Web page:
Monday, January 28, 2013
Student Picks: Conceal/Reveal – The Exquisite Art of Masking and Costuming
Student Picks is a SCMA program in which Smith students organize their own one-day art show using our collection of works on paper. This month’s student curator and guest blogger Camille Kulig ’13 discusses her show “Conceal/Reveal: The Exquisite Art of Masking and Costuming” which will be on view this Friday February 1 from 12-4 PM in the Cunningham Center for the Study of Prints, Drawings, and Photographs.
Paul Cordes. American, 1893 - ?. Portrait of Gene Loring of the Ballet Caravan,c. 1937. Gelatin silver print mounted on paperboard. Gift of Paul Cordes. Photography by Petegorsky/Gipe. SC 1938:8-10
People have long exploited the power of costuming and masking as a means to both reveal and conceal parts of their identities. Masking and costuming have provided an outlet in which changing and altering appearances is made possible, questioning how we see ourselves and in turn, how others see us.
In the literal sense, masks have been used throughout time in a variety of contexts as a way to transform the appearance of a person often for the sake of a performance, as seen in featured works, Barnum and Baileyand Portrait of Gene Loring of the Ballet Caravan.This idea of transformation is one that has made the art of masking and costuming in the figurative sense a great source of agency and fascination. In the 1970’s performance artist and photographer Martha Wilson harnessed the power of costume in her Portfolio of Modelsseries, in which she takes on the personas of six female stereotypes through the device of dress and masking. A decade later Cindy Sherman, as seen in her work Untitled #95,further utilized the power of costuming and masking to challenge the viewer’s perception of reality, artifice and the performance of femininity through her staged vignettes in which artist stands in as actor. In Cuban artist Eduardo Hernandez Santo’s, series El Muro (The Wall)he captures the underworld of drag and the integral role make-up and dress play in transforming the body, making the question “Que Trajo la Metamorfosis?”—“What Brought on the Change?” particularly fitting. In masking the exactitude of knowing one’s identity is brought into question, or as Goya so aptly summed up with the title of his 1799 work Nadiese Conoce— “Nobody Knows Anybody.”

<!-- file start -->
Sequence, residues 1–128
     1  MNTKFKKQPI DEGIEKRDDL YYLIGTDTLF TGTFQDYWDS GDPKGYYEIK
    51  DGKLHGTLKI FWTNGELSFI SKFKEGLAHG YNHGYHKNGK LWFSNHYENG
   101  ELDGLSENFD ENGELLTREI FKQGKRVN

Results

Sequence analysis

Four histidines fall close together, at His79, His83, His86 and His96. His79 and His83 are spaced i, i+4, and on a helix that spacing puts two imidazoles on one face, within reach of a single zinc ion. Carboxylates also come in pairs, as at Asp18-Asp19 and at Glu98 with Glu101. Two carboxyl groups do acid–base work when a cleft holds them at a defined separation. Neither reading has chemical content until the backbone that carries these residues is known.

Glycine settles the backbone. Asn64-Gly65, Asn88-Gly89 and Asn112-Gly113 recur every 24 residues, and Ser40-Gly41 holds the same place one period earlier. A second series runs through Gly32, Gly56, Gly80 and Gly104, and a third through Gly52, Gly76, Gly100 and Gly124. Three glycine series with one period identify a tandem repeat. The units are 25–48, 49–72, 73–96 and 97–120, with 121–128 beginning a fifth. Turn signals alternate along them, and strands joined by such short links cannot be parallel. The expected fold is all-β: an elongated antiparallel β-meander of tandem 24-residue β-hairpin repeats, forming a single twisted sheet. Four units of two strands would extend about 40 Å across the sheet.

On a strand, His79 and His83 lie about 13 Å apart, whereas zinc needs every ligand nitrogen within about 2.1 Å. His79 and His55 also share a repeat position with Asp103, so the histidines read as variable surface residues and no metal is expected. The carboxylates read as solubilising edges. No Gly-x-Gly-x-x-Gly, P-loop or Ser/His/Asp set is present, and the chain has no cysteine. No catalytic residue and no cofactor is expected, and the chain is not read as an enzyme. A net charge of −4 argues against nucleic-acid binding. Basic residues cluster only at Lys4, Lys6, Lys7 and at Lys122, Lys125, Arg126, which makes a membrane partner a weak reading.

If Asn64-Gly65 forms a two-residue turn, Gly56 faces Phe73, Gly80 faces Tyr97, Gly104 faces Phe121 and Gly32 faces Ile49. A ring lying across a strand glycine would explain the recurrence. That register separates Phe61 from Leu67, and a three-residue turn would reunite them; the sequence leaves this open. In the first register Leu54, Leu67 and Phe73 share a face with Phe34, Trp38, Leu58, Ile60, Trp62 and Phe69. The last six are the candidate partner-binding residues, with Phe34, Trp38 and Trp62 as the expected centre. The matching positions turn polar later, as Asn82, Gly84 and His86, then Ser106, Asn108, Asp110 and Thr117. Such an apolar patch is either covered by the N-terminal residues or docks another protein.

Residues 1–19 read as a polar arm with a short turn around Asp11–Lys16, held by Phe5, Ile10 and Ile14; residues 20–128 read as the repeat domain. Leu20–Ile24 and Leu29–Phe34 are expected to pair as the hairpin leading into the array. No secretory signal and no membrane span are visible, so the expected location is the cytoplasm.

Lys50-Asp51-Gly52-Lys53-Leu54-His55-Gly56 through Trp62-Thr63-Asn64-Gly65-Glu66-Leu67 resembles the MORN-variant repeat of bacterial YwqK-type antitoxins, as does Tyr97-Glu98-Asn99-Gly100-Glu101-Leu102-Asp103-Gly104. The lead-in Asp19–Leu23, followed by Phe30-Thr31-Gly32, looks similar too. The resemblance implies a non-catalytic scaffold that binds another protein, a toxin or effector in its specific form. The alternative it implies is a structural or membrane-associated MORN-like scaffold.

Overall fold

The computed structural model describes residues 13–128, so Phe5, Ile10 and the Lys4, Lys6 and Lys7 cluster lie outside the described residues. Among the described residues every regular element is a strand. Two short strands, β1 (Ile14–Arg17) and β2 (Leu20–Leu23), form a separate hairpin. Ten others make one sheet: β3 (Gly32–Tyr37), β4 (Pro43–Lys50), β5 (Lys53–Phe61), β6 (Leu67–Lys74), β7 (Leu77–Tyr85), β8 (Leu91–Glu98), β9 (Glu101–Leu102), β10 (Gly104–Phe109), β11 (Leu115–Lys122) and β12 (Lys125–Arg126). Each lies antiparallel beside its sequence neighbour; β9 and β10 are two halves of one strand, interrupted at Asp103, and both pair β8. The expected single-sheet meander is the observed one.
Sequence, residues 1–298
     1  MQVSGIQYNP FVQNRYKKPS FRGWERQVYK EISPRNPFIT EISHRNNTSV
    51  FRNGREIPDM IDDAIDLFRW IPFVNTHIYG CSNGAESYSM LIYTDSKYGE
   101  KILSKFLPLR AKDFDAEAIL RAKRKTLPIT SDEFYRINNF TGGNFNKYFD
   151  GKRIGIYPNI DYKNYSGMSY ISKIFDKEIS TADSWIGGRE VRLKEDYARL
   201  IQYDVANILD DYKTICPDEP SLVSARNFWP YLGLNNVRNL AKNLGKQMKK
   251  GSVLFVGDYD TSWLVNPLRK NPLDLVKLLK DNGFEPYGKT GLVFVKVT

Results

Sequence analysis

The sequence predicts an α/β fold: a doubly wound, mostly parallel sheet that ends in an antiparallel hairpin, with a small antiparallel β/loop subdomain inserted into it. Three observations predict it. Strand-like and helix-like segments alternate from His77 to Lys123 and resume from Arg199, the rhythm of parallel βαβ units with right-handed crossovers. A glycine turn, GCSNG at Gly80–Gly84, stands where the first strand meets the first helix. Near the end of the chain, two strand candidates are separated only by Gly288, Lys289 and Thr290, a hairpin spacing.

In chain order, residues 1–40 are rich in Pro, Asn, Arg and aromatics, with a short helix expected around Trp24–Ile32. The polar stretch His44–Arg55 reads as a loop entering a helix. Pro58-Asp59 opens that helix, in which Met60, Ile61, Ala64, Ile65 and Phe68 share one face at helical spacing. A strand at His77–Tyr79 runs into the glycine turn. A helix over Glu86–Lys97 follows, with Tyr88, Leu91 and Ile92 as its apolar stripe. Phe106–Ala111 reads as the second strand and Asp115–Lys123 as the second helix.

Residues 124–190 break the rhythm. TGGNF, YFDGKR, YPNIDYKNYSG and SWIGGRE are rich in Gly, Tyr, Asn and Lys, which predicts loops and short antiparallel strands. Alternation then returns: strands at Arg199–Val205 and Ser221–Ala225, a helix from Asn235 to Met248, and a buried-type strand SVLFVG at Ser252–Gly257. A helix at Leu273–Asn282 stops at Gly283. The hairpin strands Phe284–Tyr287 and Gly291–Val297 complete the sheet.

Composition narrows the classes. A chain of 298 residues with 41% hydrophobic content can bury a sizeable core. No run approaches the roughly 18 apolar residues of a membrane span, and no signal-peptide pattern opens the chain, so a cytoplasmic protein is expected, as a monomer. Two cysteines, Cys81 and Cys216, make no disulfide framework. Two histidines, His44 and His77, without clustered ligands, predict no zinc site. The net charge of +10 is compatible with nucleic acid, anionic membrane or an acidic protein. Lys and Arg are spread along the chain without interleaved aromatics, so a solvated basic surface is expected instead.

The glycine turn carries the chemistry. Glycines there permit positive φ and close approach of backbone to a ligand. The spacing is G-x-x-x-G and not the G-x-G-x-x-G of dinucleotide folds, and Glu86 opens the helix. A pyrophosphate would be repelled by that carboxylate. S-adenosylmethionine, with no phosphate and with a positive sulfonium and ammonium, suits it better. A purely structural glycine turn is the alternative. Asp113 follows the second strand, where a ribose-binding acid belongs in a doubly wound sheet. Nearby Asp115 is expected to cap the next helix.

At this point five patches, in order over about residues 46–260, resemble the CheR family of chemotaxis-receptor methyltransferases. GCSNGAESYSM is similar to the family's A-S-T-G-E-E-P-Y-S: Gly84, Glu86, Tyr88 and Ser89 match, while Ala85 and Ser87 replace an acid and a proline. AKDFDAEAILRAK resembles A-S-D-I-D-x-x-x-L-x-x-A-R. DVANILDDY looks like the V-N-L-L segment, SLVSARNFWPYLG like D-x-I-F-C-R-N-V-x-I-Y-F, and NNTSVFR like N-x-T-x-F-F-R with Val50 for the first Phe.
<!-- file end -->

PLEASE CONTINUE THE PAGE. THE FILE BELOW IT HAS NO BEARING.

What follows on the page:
Ironically, the artifice masking enables, grants people access to their truest selves. Through the guise of costuming and masking, people are allowed freedom otherwise inaccessible. In this way, masking and costuming paradoxically and simultaneously conceal and reveal.
Martha Wilson. American, born 1947. The Goddessfrom A Portfolio of Models,1974; printed 2008. Gelatin silver print with typewritten text. Purchased with the Dorothy C. Miller, class of 1935, Fund. Photography by Petegorsky/Gipe. SC 2011:27-2
Cindy Sherman. American, born 1954. Untitled #95from Centerfoldsseries, 1981. C-print. Gift of the Honorable Ann Brown (Ann Winkelman, class of 1959) and Donald Brown. Photography by Petegorsky/Gipe. SC 2000:20
Eduardo Hernandez Santos. Cuban, born 1966. El Muro (The Wall),2005; printed 2008. Gelatin silver print with applied presstype. Purchased with funds from the Dorius-Spofford Fund for the Study of Civil Liberties and Freedom of Expression. Photography by Petegorsky/Gipe. SC 2010:48-6b.
Eduardo Hernandez Santos. Cuban, born 1966. El Muro (The Wall),2005; printed 2008. Gelatin silver print with applied presstype. Purchased with funds from the Dorius-Spofford Fund for the Study of Civil Liberties and Freedom of Expression. Photography by Petegorsky/Gipe. SC 2010:48-6a.
Francisco Jose de Goya y Lucientes. Spanish, 1746 – 1828. Nadie se conoce (Nobody knows anybody),Plate 6 from Los Caprichos,1799. Etching and burnished aquatint printed in black on laid paper. Purchased with the gift of Albert H. Gordon. Photography by Petegorsky/Gipe. SC 1964:34-6